July exports of U.S. pork and beef were higher than a year ago, according to data released by the USDA and compiled by the U.S. Meat Export Federation. Export value results were mixed, with beef exports posting another near-record month while pork export value declined, reflecting the impact of retaliatory duties imposed by Mexico and China.
Pork exports totaled 176,413 metric tons in July, up 1.5 percent from a year ago, valued at $465.3 million — down 5 percent year-over-year and the lowest monthly value since February 2016. For the first seven months of the year, pork exports remained 2 percent ahead of last year’s record volume pace at 1.45 million mt, while value was up 3 percent to $3.83 billion.
“It is encouraging to see pork export volume continue to grow, even in the face of considerable headwinds in some of our most critical markets,” USMEF President and CEO Dan Halstrom said in a news release.
“But as anticipated, the 20 percent duty in Mexico and 62 percent duty in China weigh heavily on the price these exports can command and on the returns generated for producers and for everyone in the U.S. supply chain. Buyers outside of Mexico and China have stepped up to purchase our product, which is fantastic. But they are capitalizing on a buying opportunity made possible by the higher costs of doing business in Mexico and China.”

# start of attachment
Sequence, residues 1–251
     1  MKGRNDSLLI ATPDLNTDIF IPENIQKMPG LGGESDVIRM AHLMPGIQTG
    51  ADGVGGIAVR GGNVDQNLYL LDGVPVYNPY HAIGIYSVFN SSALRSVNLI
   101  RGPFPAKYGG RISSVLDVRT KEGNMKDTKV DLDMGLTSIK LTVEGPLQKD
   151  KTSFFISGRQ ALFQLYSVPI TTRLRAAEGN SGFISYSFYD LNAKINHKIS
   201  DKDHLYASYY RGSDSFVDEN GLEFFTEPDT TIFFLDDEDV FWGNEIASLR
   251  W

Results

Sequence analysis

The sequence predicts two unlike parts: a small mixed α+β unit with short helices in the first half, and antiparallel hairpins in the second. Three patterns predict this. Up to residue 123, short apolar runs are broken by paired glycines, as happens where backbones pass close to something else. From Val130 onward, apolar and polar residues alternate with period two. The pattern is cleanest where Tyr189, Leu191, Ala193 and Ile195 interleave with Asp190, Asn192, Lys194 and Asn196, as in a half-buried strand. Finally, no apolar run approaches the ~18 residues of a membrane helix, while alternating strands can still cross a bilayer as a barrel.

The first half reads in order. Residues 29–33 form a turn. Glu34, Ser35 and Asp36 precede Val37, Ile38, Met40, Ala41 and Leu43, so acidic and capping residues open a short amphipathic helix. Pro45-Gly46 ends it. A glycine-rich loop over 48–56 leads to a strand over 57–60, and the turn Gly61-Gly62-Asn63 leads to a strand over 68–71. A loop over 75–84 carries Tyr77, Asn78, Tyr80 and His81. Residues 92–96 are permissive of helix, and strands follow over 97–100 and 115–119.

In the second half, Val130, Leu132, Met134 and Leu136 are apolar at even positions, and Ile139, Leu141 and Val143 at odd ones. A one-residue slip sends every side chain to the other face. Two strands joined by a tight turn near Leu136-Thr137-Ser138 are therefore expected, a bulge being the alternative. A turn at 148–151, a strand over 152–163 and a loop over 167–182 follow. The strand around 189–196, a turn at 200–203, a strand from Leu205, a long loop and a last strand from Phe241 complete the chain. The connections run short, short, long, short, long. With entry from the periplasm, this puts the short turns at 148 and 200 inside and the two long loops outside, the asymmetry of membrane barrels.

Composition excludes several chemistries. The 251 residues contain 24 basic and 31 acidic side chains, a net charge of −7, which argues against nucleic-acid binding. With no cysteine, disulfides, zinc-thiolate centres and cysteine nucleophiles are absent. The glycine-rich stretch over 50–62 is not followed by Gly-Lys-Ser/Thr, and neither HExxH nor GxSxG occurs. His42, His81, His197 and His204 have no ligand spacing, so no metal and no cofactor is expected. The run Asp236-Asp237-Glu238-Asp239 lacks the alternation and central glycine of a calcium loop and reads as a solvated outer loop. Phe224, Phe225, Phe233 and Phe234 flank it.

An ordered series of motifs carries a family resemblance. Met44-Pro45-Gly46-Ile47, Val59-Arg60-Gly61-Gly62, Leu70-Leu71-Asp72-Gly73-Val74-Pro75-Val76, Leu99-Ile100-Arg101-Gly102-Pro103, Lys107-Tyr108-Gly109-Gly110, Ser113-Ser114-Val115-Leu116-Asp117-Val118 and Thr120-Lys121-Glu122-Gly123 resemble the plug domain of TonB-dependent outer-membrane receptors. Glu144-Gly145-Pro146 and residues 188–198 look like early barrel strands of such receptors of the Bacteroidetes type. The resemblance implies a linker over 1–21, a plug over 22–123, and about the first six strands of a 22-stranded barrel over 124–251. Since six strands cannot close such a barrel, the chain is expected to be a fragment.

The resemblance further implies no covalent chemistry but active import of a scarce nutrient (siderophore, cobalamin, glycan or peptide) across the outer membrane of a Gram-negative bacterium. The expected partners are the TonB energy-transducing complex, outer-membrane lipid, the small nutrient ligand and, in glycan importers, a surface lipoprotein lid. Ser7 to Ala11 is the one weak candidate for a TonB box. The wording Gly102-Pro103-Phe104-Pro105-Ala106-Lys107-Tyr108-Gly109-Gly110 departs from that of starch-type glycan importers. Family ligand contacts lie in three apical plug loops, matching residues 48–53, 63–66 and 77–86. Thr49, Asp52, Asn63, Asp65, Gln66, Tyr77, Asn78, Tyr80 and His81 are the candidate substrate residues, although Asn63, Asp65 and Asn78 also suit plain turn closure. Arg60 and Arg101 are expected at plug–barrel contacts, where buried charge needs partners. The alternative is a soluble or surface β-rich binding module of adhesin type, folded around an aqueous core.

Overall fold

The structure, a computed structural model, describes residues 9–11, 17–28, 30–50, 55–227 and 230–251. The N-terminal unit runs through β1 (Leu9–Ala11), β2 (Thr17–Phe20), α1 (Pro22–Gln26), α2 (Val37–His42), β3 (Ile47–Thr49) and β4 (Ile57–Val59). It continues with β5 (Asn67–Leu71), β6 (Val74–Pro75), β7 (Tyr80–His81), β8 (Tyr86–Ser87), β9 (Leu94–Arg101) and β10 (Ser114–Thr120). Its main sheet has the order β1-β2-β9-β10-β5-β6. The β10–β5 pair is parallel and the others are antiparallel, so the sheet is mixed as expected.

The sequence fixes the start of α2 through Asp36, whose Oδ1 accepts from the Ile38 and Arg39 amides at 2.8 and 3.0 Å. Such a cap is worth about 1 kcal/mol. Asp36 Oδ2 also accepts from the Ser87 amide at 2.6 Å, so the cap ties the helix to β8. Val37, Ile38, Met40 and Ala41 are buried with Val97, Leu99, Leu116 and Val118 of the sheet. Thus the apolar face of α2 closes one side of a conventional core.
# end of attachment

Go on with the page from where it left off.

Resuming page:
Led by South Korea and strong growth in Japan, Taiwan and Latin America, July beef exports climbed 12 percent in volume, up 16 percent from a year ago and just slightly below the May 2018 record of $722.1 million. For January through July, beef exports established a record pace in volume and value.
“The worldwide momentum for U.S. beef has rarely been as strong as it is today,” Halstrom said. “To a large degree our mainstay Asian markets are driving this growth, but emerging markets in Asia and in the Western Hemisphere are also displaying a tremendous appetite for U.S. beef.”